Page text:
The greyhound is a lithe, sleek graceful dog that has been a companion animal for more than 2,000 years.
Although the breed is valued for its speed and spurred on to even better performance by greyhound racing supplements, once racing dogs are retired, they make docile house pets.
Contrary to popular belief, these aristocratic dogs are quite content to lounge around, unless they are triggered to run by quick-moving prey. The greyhound is part of a group of dogs called sighthounds, or dogs that are visually triggered to chase prey.
The American Kennel Club describes the Italian greyhound, the smaller cousin of the racing greyhound, as a loyal and affectionate dog that loves attention and would like nothing more than to be snuggled in your lap.
But the greyhound is indeed a regal dog, and was often depicted as a pet in Renaissance paintings including some by Giotto, Carpaccio, Memling, Van Der Weyden and Bosch. Mary, Queen of Scots, Queen Victoria and Catherine the Great were said to be fans of the breed.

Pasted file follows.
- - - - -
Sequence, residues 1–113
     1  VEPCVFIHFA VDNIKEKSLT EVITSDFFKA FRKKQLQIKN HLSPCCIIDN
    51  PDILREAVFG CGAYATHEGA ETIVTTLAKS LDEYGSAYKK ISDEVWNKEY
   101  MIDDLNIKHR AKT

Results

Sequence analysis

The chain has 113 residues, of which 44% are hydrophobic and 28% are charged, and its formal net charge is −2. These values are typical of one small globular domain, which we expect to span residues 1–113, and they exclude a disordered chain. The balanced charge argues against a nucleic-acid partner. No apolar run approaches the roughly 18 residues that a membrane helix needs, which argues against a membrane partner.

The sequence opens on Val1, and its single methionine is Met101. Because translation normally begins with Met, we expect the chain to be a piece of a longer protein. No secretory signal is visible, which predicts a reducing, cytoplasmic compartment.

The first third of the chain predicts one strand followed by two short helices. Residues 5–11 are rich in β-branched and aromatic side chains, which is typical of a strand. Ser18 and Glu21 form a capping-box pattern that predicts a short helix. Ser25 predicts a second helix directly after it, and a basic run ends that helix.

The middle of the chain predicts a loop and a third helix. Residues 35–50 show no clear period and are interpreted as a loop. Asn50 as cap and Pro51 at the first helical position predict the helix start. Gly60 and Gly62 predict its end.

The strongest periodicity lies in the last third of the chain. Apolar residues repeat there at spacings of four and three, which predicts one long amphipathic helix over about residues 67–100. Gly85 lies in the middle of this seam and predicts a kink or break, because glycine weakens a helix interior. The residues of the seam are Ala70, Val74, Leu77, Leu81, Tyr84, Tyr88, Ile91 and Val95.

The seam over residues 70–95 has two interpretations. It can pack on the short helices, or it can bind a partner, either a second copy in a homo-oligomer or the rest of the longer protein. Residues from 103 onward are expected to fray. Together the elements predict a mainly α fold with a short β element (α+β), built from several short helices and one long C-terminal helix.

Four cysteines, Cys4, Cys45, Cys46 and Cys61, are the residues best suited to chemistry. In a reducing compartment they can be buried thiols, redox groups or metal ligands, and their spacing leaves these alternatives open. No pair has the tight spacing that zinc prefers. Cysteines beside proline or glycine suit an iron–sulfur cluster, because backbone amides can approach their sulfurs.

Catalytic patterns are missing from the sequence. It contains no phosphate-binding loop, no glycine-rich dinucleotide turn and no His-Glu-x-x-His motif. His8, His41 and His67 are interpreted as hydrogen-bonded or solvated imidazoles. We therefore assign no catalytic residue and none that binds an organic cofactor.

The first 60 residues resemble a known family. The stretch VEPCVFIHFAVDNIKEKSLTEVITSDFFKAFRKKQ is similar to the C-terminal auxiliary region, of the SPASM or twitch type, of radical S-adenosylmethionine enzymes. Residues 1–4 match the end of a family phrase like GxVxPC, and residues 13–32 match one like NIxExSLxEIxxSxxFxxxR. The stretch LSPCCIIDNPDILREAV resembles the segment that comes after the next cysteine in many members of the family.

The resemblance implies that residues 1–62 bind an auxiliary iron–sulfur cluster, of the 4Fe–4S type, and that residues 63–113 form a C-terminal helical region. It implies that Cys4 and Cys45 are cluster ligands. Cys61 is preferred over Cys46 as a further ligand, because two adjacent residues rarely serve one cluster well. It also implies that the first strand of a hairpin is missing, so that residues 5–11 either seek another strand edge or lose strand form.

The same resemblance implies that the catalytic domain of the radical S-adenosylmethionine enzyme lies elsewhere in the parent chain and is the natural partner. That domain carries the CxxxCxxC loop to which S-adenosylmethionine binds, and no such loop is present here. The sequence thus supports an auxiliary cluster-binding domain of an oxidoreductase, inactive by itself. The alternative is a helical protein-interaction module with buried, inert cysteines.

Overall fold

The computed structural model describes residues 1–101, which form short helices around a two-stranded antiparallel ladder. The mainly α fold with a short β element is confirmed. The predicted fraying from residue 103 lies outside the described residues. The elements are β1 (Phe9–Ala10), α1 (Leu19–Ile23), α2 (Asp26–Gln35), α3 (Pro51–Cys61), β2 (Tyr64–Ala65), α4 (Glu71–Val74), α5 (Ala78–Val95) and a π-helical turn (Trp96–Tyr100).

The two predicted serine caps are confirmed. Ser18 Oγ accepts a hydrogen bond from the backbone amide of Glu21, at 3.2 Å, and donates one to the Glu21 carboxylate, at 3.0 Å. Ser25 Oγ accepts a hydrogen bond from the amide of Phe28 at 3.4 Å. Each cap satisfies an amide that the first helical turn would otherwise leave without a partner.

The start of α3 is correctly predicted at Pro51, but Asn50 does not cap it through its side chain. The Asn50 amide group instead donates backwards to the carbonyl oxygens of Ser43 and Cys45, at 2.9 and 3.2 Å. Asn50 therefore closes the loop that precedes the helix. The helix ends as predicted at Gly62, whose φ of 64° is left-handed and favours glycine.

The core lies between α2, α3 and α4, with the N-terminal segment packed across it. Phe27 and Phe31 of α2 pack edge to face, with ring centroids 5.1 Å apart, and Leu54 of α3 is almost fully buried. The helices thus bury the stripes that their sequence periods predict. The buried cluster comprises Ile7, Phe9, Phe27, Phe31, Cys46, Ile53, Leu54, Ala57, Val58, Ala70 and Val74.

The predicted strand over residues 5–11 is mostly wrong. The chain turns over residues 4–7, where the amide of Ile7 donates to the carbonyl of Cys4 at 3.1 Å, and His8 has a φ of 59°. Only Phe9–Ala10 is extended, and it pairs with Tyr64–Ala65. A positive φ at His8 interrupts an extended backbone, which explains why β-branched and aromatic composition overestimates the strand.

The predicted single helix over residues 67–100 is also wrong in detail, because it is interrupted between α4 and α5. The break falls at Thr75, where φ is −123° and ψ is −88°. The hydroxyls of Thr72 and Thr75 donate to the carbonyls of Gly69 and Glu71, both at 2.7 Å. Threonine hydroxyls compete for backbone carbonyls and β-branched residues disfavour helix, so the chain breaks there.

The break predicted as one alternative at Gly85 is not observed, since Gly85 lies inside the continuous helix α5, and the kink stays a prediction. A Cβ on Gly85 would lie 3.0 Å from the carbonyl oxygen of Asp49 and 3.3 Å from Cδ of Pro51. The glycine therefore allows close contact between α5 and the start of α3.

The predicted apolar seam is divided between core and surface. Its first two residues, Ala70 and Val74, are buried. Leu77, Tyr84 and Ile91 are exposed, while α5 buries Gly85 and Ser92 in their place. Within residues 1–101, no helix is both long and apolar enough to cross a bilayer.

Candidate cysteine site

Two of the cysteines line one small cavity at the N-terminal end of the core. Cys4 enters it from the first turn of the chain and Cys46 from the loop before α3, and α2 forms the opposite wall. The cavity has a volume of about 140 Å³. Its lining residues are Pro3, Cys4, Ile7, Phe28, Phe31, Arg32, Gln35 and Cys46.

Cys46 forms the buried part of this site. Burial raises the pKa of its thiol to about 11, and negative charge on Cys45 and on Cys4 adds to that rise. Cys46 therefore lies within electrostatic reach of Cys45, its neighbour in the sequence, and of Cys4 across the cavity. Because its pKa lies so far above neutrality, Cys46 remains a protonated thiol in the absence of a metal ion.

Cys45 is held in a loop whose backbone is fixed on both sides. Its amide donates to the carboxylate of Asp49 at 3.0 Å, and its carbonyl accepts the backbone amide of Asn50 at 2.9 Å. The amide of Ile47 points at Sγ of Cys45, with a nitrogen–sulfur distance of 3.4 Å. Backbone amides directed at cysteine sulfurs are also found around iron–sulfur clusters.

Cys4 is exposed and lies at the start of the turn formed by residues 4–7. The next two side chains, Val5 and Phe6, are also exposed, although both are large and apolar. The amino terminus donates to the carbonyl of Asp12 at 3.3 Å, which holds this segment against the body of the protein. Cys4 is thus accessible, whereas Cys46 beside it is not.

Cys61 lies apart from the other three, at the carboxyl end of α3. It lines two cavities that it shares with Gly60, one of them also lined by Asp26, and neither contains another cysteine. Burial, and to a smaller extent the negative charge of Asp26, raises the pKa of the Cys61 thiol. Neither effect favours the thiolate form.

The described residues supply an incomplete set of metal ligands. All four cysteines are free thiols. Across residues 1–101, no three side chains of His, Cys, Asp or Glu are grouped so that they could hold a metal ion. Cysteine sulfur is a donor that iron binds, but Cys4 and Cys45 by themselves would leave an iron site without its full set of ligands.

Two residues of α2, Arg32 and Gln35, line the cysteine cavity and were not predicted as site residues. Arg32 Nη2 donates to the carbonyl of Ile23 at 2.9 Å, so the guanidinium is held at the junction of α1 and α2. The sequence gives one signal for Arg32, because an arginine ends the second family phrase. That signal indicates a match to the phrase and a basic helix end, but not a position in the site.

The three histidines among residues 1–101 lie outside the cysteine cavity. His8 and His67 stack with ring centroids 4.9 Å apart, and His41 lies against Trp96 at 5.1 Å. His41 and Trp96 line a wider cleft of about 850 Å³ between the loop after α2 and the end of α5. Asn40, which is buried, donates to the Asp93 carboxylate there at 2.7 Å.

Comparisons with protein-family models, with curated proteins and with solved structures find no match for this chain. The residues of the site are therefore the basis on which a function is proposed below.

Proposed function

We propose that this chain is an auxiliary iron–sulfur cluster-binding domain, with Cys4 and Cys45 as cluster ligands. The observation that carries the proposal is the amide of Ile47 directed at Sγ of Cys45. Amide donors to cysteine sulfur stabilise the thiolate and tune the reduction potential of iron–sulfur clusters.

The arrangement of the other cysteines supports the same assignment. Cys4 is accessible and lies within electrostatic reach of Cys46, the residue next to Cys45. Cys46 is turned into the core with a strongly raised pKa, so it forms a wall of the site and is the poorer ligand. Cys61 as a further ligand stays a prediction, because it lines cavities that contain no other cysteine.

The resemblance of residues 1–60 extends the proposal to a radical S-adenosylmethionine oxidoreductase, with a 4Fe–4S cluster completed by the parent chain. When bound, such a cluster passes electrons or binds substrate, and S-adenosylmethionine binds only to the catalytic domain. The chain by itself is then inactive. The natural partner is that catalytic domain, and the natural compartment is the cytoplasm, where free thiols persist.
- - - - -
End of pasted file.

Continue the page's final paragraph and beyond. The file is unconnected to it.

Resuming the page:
The sighthound breeds’ ties to the Renaissance period have inspired a partnership between several rescue and performance groups and Renaissance fairs and festivals around the United States. For example, the Hounds of East Fairhaven non-profit educational reenactment group participates in North Carolina and Georgia Renaissance festivals, educating patrons about the role sighthounds played in history and promoting adoption and responsible dog ownership.
Colorado Greyhound Adoption partners with the Colorado Renaissance Festival to find homes for greyhounds and raise money and awareness, and Florida’s Friends of Greyhounds sets up a tent at the Ren Fest in Broward County.
If you enjoy watching the beauty of greyhounds as they race, spurred on by greyhound racing supplements, consider contacting your local greyhound adoption organization and taking one of these sleek Renaissance beauties into your home as a loyal companion once his or her racing career is finished.